By Julie DeLong, A-1 Freeman Moving Group
If you are moving, then you will need boxes. As a professional mover
, we see it all too often, people simply grabbing whatever is at hand, without thinking about it. When you do start looking at boxes, it can be overwhelming. There are a lot of different types of box, with different sizes, weights, and purposes. However, you shouldn’t necessarily put anything in any box in which it will fit. The most important thing is not to over pack boxes so that they weigh too much. After a while, five pounds can seem like fifty.
So, how are your boxes categorized?
Size and Weight
Boxes are measured in cubic feet, and boxes specific for moving generally start at 1.5 CF. These small boxes are best used for your heaviest items, such as books and small appliances. Knickknacks should also be put in small boxes, making it easy to pack them so they don't move around.
Heavy-duty boxes are available, which take more weight, but remember that just because you can pack more weight into a box doesn't mean you should. Unless, that is, you have a heavy-duty back. However, these boxes often come with grips for easier moving, which can let you move more than one box at a time.
The another size is 3.1 CF. These boxes are best for shoes, toys, pots, pans, etc. Don't overload these either, although they often have the built-in grips, they tend to be unwieldy. 4.5 CF boxes are best for linens, sweaters, towels, clothes and other light but bulky items.
The largest standard boxes are 6.1 cubic feet; use these for pillows, lampshades, blankets and other large items that are lightweight.
Specialty boxes are designed to move one particular kind of thing; however, if you are flexible and creative you can use them for lots of other stuff as well. They're more expensive, but generally well worth the cost. Here are some typical specialty boxes:
Dish packs fall between 1.5 and 3.1 CF size and have a double layer of corrugated cardboard. These are designed for anything fragile, which might include dishes, but also ceramic art, stereo components, lamp bases, etc. Dish boxes are best used in conjunction with foam sleeves that slide onto your dishes. However, if your items don't fit in a sleeve, wrap them in newsprint. Some boxes have inserts for glasses, which keep them in place.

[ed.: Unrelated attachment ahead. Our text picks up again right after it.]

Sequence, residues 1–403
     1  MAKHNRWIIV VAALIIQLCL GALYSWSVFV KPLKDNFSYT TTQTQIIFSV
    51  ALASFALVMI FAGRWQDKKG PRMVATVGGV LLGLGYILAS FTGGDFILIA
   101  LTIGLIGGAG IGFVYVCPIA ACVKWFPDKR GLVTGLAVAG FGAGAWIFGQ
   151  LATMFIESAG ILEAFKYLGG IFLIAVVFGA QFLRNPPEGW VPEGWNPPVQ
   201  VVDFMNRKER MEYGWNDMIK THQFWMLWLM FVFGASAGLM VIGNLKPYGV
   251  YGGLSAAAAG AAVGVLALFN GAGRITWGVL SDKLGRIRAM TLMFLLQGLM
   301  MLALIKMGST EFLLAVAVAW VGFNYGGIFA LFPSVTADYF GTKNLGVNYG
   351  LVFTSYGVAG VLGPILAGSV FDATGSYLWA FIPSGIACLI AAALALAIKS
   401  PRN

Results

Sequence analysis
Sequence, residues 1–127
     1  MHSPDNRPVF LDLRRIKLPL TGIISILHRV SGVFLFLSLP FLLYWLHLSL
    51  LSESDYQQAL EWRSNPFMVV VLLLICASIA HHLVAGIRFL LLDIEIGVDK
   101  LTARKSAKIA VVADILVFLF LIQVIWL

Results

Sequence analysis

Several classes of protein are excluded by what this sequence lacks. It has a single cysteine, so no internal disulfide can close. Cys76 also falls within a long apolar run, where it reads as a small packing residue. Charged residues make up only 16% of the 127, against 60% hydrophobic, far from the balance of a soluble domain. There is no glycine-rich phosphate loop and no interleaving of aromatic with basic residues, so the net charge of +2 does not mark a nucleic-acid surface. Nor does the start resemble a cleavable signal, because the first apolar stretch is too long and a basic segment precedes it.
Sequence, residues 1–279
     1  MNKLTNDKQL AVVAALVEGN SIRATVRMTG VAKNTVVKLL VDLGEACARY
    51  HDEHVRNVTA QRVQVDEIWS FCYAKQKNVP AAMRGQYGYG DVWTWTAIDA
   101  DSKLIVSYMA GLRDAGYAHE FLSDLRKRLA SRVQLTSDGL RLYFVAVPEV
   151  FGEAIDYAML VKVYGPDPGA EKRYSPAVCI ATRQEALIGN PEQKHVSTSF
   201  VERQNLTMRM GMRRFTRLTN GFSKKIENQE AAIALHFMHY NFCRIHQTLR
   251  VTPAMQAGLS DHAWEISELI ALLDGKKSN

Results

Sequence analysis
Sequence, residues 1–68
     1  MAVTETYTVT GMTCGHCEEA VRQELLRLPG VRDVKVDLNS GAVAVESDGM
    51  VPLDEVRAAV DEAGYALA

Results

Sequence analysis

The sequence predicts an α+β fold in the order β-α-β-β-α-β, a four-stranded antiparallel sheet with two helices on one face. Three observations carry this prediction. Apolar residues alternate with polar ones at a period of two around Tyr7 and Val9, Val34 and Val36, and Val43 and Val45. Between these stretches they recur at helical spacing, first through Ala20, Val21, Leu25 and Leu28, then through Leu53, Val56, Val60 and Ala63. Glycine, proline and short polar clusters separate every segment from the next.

A wardrobe box's primary purpose is to keep your clothes from becoming wrinkled in transit. They are 10 CF, taller than the 6.1 CF box, and made of heavy-duty cardboard. They stay vertical during transit and have a hangar bar from which you can hang your clothes. They're also good for dining room chairs, golf clubs, skis, and anything else that is particularly long.
Mirror boxes are for mirrors and framed pictures. They're flat, large, and designed to protect the glass in the frame. These also may work well for flat screen TVs, computer monitors, large platters for entertaining, even tennis rackets.
Other Things to Consider
Use actual moving boxes when you can, although saved shipping boxes can be handy for small items. For electronics and odd-shaped items it's often worth saving the box they originally came in. When you choose your boxes, make sure that you choose boxes that show the right strength measure. Most standard boxes are rated for up to 40 pounds and heavy-duty boxes for up to 65 pounds.
Choose boxes made from recycled cardboard if you can. After you are done with them, moving boxes can be recycled, stored for a future move, or passed on to a friend who is moving.
Remember that you can buy boxes from your moving company if you need to, and they will often give you advice on what boxes to get based on pictures you might have sent them to get a quote. If you have your moving company pack and unpack your stuff you don't even have to worry about boxes, as they will use their own. A professional mover, such as A-1 Freeman Moving Group, will help make sure your stuff is boxed up correctly and moved safely to your new home.
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